London 2012 Games most risk-aware in history
27 Jul 2011
London 2012 has put more effort to averting catastrophe than any other Olympic Games in history, according to an independent expert.
Dr Will Jennings from The University of Manchester has assessed the state of play exactly a year before Britain’s biggest ever sporting event takes place.
The Economic and Social Research Council (ESRC) funded project identified the risks and challenges faced by the Olympics organisers and studied the measures put in place to combat them.
However, the success of London 2012 can still be derailed by uncertainties relating to the performance of the transport system during the Games, the threat from terrorism and cyber attacks.
Legacy planning could also be sidetracked, says Dr Jennings, by more immediate concerns with the fast-approaching deadline of the opening ceremony on 27 July next year.
Dr Jennings has compiled a history of Olympic organization dating back to 1896 to understand how things can go wrong in relation to areas such as security, finance, politics and Games-time operations – as well as exploring the different sorts of measures that organizers put in place to manage these risks.
He said: “Risk-based thinking has been more extensive than ever before in preparations for London 2012, with risk management practices found across all aspects of the Olympic programme.
“But while London 2012 might be said to be a risk-based Games, these measures cannot guarantee that they will pass without minor or serious incident.
“Even for good risk management there is such a thing as bad luck.
“This extensive risk-based thinking across the whole of the Olympic programme builds upon measures put in place at the Vancouver 2010 Winter Olympics and contrasts strongly with small teams created within organising committees to manage risk at Olympic Games during the 1980s and 1990s.
“Overall, there is some optimism for London 2012 in view of the relative absence of political risk so far, despite the initial furore over the original budget estimates.”
He added: “However, as recently as February 2011, the National Audit Office reported that the final cost of the Games to the British taxpayer was “inherently uncertain”- so risks remain as pronounced as the prospective rewards.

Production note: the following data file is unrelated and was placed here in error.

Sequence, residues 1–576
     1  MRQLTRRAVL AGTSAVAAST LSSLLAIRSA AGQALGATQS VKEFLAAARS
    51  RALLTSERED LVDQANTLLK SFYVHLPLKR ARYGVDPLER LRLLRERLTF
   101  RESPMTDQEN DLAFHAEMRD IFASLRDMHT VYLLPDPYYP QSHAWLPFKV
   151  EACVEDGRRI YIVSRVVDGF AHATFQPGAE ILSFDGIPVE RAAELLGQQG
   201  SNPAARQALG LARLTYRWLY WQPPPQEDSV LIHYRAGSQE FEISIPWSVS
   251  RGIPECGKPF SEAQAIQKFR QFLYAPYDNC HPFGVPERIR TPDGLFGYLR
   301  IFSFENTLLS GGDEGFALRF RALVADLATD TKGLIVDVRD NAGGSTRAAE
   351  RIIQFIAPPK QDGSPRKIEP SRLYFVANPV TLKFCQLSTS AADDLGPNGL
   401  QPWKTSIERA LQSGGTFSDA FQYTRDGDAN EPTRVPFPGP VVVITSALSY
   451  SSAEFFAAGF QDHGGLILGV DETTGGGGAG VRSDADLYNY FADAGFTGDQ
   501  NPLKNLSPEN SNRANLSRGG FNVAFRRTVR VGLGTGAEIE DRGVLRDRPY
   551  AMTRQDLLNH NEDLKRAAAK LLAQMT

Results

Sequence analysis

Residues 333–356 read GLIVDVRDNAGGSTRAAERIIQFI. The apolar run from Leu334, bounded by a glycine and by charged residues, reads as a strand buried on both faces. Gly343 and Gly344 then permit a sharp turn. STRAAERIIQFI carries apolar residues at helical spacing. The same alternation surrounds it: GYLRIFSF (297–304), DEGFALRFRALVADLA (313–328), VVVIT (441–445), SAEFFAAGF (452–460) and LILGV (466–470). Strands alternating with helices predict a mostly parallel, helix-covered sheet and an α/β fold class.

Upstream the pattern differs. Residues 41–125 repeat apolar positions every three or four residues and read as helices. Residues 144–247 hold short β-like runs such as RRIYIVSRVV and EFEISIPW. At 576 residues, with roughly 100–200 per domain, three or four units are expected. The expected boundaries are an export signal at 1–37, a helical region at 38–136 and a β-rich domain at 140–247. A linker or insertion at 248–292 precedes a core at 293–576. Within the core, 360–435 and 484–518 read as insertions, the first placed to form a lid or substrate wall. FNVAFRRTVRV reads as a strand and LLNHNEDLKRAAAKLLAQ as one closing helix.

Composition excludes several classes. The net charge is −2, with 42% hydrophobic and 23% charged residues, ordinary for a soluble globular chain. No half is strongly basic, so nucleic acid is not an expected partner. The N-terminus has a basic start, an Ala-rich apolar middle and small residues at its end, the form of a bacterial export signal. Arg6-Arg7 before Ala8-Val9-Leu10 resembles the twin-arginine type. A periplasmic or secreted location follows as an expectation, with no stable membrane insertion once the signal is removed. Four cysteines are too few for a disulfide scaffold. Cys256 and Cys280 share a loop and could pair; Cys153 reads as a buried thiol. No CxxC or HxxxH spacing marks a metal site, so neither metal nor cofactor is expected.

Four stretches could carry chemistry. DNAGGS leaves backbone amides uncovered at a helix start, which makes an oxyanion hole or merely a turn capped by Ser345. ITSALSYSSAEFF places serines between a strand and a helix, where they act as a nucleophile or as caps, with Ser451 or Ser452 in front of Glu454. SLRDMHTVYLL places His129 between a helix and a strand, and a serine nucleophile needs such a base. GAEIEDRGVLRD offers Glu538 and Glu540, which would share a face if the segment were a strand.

“So with little more than a year to the start of the Games, uncertainties and risks remain a live issue across the Olympic programme.”
Authorities engaged in the management of Olympic risks include the Cabinet Office, the Government Olympic Executive, the Olympic Delivery Authority, the London Organising Committee of the Olympic and Paralympic Games (LOCOG), the Home Office and the Metropolitan Police, the Greater London Authority and the Olympic Park Legacy Company.
Examples of hazards, disasters and crises at past Olympics include:
- The 1976 Montréal Olympics, which incurred a budget deficit of more than $1 billion, paid off by taxpayers in 2006.
- The Berlin 1936 Games exploited by Hitler; disruption to international participation due to Cold War boycotts led by the United States and the U.S.S.R. in 1980 and 1984 respectively.
- In the lead-up to Beijing 2008, rainstorms and smog/pollution were a concern for Chinese organizers, leading to experimentation with climate control technologies such as cloud-seeding and pollution controls such as the regulation of car usage and factory emissions.
- Since the Munich Massacre at the 1972 Games, during which eleven Israeli athletes and coaches were murdered by a group of Palestinian terrorists, the Olympics have been a recognized target for terrorist threats. Domestic terror incidents also hit the lead-up to the Athens 2004 Olympics and the Beijing 2008 Olympics, while the bombing of Centennial Park in Atlanta in 1996 occurred during the Games itself.
Notes for editors
The research was funded by the Economic and Social Research Council through the Research Fellowship ‘Going for Gold: The Olympics, Risk and Risk Management’ (RES-063-27-0205).
Will Jennings’ book Olympic Risks will be published in 2012 by Palgrave Macmillan.
Dr Jennings is a Hallsworth Research Fellow based at the School of Social Sciences
He is available for interview
For media enquires contact:
Faculty of Humanities
The University of Manchester
0161 275 0790